Dover voters to decide city council races today

DOVER — Eight candidates are bying for three contested seats on city council.

City Clerk Traci McDowell is hoping the wide range of candidates will help spark a large voter turnout for the contested seats in Dover’s 1st, 2nd and 3rd Districts.

“It’s definitely always good to have a big turnout for our city elections,” Ms. McDowell said. “A lot of work goes into the election process and we like to see a lot of people come out and participate in the process of electing their city officials.”

The polls for today’s elections will open at 7 a.m. and remain open until 8 p.m.

The votes cast from each district in the Municipal Election will be tallied at the Elks Lodge #1903 located at 200 Saulsbury Road. It is anticipated the results will be made available at around 8:30 p.m.

Dover City Council President Tim Slavin (at-large) and David Anderson (4th District) are running unopposed and are assured terms of four more years.

With 1st District City Councilman James Hutchison Sr. set to retire in May, three candidates are vying for his soon-to-be-vacated chair: William Garfinkel, Matthew Lindell and Tanner Polce.

Voters in the 1st district will cast their ballots at The Elks Lodge #1903 at 200 Saulsbury Road. The entrance to the polling place is located at the rear of the building.

In the 2nd District, James Galvin is challenging incumbent William “Bill” Hare. The polling place is at the Seventh Day Adventist Church at 647 Wyoming Avenue.

Meanwhile, challengers Lance Moffa and Jane Rolfes are taking on incumbent Fred Neil in the 3rd District, where voters will cast their ballots at the St. Andrew’s Lutheran Church at 425 North DuPont Highway.

Ms. McDowell said the city elections, which take place every other year, are an exciting time for her office.

She said that herself, Assistant City Clerk Denise Devine and assistants Jody Stein and Debbie Krueger have been busy since Dec. 1, keeping their eyes focused on a 41-page, 120-step checklist that clicks off every single step of the electoral process.

Today, Election Day, will provide another hectic day for Ms. McDowell’s office — followed by just a little bit of much-needed relief.

“They have been busy days leading up to the election, but I look forward to them,” said Ms. McDowell. “It’s a very exciting process. There is a lot of work and a lot of responsibility involved in the election process, so we’re always glad when it’s over.”

Numbers and trends

Ms. McDowell said that even though there is more work for her office to do when more people turn out to vote, she prefers to see large numbers of voters at the polls.

In 2015, the last time Dover held a Municipal Election, only 2,116 of 22,837 (9.27 percent) of the registered voters in the city turned out to vote. Change was also in the air in Dover’s last election, when three incumbent members of city council were voted out and two other vacant seats were filled.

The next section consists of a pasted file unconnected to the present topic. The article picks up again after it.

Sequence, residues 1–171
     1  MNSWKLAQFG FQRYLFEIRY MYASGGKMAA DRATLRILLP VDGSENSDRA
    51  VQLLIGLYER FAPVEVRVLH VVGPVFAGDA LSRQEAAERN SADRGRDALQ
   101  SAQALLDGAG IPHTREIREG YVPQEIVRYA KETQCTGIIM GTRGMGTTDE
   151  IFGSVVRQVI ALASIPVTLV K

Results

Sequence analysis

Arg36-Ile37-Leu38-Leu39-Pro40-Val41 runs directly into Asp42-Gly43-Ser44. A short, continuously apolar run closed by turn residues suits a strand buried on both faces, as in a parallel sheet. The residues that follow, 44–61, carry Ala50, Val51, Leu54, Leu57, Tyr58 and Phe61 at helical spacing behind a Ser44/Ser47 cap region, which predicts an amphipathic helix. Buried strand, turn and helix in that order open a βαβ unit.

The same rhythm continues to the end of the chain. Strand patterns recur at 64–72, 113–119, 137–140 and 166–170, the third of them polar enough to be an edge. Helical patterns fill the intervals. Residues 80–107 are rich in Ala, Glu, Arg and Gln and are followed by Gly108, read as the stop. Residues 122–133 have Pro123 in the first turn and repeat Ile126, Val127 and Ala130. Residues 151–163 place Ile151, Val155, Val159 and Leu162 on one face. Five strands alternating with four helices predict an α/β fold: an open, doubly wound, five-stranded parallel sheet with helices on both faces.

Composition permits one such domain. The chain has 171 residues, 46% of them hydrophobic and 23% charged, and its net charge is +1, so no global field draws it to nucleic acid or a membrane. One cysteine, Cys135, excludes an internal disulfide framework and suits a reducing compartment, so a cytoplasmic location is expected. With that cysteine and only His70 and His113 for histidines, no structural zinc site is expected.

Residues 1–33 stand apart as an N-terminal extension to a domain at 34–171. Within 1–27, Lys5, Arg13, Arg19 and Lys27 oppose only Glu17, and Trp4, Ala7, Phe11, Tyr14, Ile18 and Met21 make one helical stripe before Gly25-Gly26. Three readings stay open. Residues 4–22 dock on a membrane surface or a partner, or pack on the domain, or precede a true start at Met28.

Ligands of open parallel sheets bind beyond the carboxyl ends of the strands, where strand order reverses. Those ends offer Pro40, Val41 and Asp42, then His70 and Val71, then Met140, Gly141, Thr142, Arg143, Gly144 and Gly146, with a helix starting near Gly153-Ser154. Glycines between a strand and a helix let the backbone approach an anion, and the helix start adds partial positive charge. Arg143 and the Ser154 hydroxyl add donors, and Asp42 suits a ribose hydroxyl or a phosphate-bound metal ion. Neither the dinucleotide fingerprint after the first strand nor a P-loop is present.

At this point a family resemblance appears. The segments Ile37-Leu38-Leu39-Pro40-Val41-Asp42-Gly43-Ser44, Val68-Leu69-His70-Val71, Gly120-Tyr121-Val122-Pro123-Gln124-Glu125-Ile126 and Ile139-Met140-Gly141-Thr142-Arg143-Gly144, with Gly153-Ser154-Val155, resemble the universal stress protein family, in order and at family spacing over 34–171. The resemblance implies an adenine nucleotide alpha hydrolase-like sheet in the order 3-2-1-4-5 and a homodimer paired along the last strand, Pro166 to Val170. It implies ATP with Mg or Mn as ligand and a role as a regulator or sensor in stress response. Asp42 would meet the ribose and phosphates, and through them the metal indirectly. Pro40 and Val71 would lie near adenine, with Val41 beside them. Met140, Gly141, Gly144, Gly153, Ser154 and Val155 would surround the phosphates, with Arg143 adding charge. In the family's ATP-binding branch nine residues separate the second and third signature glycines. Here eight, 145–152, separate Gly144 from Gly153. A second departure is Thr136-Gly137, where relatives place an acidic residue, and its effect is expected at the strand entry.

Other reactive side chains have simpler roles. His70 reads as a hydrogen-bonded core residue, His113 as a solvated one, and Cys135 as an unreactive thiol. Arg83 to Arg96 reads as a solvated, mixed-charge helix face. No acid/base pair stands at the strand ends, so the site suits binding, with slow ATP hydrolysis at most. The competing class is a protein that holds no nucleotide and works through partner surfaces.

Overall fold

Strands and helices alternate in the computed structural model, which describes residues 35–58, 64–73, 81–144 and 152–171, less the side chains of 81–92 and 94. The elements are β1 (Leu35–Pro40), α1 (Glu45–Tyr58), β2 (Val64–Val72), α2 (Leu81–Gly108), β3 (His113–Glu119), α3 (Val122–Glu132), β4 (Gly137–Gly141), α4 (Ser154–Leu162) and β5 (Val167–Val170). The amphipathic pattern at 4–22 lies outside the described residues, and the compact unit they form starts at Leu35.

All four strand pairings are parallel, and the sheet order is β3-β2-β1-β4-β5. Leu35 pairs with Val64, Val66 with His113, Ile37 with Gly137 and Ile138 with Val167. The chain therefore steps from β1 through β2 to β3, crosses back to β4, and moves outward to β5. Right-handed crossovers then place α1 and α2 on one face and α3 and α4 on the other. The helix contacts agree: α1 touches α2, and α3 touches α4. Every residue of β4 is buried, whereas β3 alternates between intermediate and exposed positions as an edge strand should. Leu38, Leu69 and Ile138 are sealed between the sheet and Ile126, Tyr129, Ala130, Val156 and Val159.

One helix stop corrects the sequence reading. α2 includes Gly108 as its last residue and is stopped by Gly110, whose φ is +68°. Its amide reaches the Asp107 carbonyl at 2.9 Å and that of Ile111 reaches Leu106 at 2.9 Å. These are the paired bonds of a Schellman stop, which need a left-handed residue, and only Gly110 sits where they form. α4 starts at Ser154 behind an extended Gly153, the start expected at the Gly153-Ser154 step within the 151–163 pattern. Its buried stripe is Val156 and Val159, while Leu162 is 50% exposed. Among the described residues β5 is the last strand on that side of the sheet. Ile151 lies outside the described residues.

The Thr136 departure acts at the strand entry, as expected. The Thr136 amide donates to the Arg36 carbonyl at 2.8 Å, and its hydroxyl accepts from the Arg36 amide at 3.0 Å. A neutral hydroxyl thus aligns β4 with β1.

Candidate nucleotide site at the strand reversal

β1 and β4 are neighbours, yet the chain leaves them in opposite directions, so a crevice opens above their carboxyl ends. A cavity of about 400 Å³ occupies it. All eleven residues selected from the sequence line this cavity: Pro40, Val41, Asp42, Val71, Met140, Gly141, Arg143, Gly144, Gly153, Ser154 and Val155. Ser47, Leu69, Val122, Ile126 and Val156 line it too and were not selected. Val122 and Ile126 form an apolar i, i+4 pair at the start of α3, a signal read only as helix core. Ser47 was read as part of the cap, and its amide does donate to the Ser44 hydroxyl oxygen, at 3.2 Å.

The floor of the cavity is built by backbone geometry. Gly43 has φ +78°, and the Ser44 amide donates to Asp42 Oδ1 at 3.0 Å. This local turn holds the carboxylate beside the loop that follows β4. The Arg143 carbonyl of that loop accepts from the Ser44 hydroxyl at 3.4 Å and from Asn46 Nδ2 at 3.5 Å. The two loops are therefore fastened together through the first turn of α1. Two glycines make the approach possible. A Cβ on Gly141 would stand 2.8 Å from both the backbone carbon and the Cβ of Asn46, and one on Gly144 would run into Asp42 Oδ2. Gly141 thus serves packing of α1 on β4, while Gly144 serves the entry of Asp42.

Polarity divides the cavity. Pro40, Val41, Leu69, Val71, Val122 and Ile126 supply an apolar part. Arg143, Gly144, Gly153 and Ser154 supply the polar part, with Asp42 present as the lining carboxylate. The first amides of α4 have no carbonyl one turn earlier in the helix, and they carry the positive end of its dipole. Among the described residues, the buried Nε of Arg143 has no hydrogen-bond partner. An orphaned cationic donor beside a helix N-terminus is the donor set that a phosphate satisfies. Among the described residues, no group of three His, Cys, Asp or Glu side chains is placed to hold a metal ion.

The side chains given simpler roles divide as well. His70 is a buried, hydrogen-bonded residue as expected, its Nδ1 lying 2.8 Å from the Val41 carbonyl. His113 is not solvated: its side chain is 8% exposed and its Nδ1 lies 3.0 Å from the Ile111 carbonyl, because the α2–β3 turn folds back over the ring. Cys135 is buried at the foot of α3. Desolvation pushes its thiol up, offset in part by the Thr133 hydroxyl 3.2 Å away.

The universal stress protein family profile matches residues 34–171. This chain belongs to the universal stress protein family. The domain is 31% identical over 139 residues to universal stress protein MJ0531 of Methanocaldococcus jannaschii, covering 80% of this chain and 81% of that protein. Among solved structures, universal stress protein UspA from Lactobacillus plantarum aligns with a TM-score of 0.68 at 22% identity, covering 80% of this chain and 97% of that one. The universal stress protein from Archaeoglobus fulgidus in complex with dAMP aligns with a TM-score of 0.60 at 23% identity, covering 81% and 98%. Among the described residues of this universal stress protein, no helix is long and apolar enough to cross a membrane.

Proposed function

Mr. Moffa wouldn’t be surprised if the theme of change were to repeat itself in today’s election.

“Current leadership has not been effective for us with equal representation,” he said. “Dover can do better and will with the right people, in the right positions, that are willing to work and be accountable.

“The politicians are becoming preoccupied with drama and issues that hinder our progression.”

Mr. Neil has only served two years as a 3rd District councilman. He is hoping for more time after he filled a council seat that was left vacant after Rep. Sean Lynn resigned on Nov. 5, 2014, following his election to the state House of Representatives.

“My hope is to finish unfinished business,” Mr. Neil said. “When elected in 2015, I discovered that there were a large number of things such as complaints from citizens that were not resolved, and concerns such as the old (Dover) library that remained.”

Election … Part II

In an intriguing twist to this year’s election, former City Councilman Jim Hosfelt Jr. won a special election on March 21 to become a Kent County Levy Court commissioner. Hosfelt left the remaining 1st District seat on city council vacant, which will force another special election on May 16.

So far, Ronald G. Poliquin is the only candidate who has filed to run in the special election.

“My main priority is to stand up for taxpayers,” Mr. Poliquin said. “We need to hold the line on taxes, squeeze out government waste and implement initiatives to create and keep jobs in Dover.”

However, there is time for two of the three candidates running today for Hutchison’s position to possibly re-file their petitions and try again in the special election, as well as other interested individuals.

Nomination of candidates for the 1st District seat will be by petition, which along with the statement of eligibility requirements, must be filed with the city clerk’s office for confirmation at or before Friday at 4:30 p.m.

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